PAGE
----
This article appeared in the July 01, 2022 edition of the Monitor Daily.

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When history bends toward justice

Brian Snyder/Reuters/File
Senty Banutu-Gomez holds a photograph of Emmett Till, a Black 14-year-old who was lynched in 1955, at a vigil on the first anniversary of the murder of George Floyd while in Minneapolis police custody, in Lynn, Massachusetts, May 25, 2021.
Linda Feldmann
Washington Bureau Chief

Many iconic artifacts are on display at the National Museum of African American History and Culture here in Washington: a segregation-era railway car, Harriet Tubman’s hymnal of spirituals, Chuck Berry’s red Cadillac Eldorado.

But the museum’s most affecting exhibit is the one dedicated to Emmett Till, the Black 14-year-old who was beaten and killed in Mississippi in 1955 after being falsely accused of whistling at a white woman. The incident proved a milestone in the civil rights movement. Now, the story has burst back into the news, with the discovery of an arrest warrant in a courthouse basement in Greenwood, Mississippi.

The warrant is for Emmett’s accuser, identified as Mrs. Roy Bryant – then-wife of one of the men ultimately acquitted by an all-white jury in the kidnapping and killing. The woman, now known as Carolyn Bryant Donham, was never arrested or charged in the kidnapping. Today, she is apparently still alive, living in North Carolina and in her 80s, but reporters have not been able to reach her.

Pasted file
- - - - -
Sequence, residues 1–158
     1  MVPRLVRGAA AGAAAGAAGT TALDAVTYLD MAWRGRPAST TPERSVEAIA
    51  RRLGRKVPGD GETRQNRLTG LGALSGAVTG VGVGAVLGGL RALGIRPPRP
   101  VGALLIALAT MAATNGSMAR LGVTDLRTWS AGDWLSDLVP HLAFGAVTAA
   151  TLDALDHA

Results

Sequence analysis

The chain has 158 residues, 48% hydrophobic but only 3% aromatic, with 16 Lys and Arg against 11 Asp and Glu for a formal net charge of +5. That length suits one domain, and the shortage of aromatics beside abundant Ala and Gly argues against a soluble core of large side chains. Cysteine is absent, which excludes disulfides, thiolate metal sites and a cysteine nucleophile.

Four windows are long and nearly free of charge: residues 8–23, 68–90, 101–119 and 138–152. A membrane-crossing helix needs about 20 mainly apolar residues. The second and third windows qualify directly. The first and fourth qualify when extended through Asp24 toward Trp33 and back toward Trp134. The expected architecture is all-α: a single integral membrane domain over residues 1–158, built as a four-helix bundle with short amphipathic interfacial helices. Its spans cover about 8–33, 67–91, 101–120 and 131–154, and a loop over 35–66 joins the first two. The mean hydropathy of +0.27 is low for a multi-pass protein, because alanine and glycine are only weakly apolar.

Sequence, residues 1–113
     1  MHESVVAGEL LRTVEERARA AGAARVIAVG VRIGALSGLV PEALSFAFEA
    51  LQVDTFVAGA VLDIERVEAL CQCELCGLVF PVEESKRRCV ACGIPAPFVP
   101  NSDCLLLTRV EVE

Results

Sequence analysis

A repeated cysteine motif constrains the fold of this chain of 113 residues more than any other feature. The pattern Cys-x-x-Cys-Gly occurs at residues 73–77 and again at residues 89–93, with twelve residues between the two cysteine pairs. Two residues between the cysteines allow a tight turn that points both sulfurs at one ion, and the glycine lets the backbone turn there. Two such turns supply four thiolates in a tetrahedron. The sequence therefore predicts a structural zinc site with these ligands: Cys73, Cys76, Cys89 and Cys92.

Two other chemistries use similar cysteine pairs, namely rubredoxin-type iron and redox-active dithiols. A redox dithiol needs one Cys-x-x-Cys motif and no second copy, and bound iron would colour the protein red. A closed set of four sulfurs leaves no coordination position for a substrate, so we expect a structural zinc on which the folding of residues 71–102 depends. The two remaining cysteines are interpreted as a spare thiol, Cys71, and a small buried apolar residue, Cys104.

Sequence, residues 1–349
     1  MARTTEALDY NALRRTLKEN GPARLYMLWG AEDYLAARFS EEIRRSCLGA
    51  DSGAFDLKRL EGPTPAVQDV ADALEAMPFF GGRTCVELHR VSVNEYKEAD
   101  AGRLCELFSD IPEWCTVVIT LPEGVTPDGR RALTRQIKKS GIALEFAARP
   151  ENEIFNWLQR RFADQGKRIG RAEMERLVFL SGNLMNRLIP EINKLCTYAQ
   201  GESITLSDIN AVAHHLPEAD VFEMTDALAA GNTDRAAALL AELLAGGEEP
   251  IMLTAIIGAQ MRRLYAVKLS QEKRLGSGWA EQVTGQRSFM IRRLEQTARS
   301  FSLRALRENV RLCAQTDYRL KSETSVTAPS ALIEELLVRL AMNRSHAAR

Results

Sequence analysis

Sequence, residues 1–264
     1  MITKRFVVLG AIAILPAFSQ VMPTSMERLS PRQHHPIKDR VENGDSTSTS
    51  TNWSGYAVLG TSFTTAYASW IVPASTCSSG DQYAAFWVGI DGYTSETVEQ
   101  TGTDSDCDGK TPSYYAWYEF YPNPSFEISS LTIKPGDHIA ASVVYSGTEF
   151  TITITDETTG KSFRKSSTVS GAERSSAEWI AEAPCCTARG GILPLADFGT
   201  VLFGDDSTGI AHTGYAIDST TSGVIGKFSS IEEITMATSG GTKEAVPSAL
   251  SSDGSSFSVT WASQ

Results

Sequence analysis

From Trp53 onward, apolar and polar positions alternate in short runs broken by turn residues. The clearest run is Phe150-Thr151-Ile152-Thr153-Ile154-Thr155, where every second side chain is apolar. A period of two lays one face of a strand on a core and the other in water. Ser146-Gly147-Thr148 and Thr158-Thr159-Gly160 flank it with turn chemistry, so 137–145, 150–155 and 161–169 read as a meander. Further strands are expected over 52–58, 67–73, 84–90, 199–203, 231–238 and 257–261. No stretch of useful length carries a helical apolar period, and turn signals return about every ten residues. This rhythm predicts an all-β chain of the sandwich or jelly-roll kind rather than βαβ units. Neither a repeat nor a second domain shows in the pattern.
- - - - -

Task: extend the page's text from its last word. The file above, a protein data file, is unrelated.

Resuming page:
This story shows that history isn’t really in the past, or merely fodder for books. It’s alive and evolving, as fresh discoveries shed new light on events and our understanding of them.

On a recent visit to the museum, I was urged by a guard to visit the Emmett Till display. “No photography allowed,” she said. The museum wants visitors to be “present” in viewing the exhibit, the thinking goes.

It so happens this week also saw the swearing-in of the Supreme Court’s first Black female justice, Ketanji Brown Jackson – another step in the evolution of American institutions and racial history. And it is perhaps fitting that these two news points took place on the eve of Independence Day weekend, in a nation striving to do better in representing all its citizens.

This article appeared in the July 01, 2022 edition of the Monitor Daily.

Read 07/01 edition
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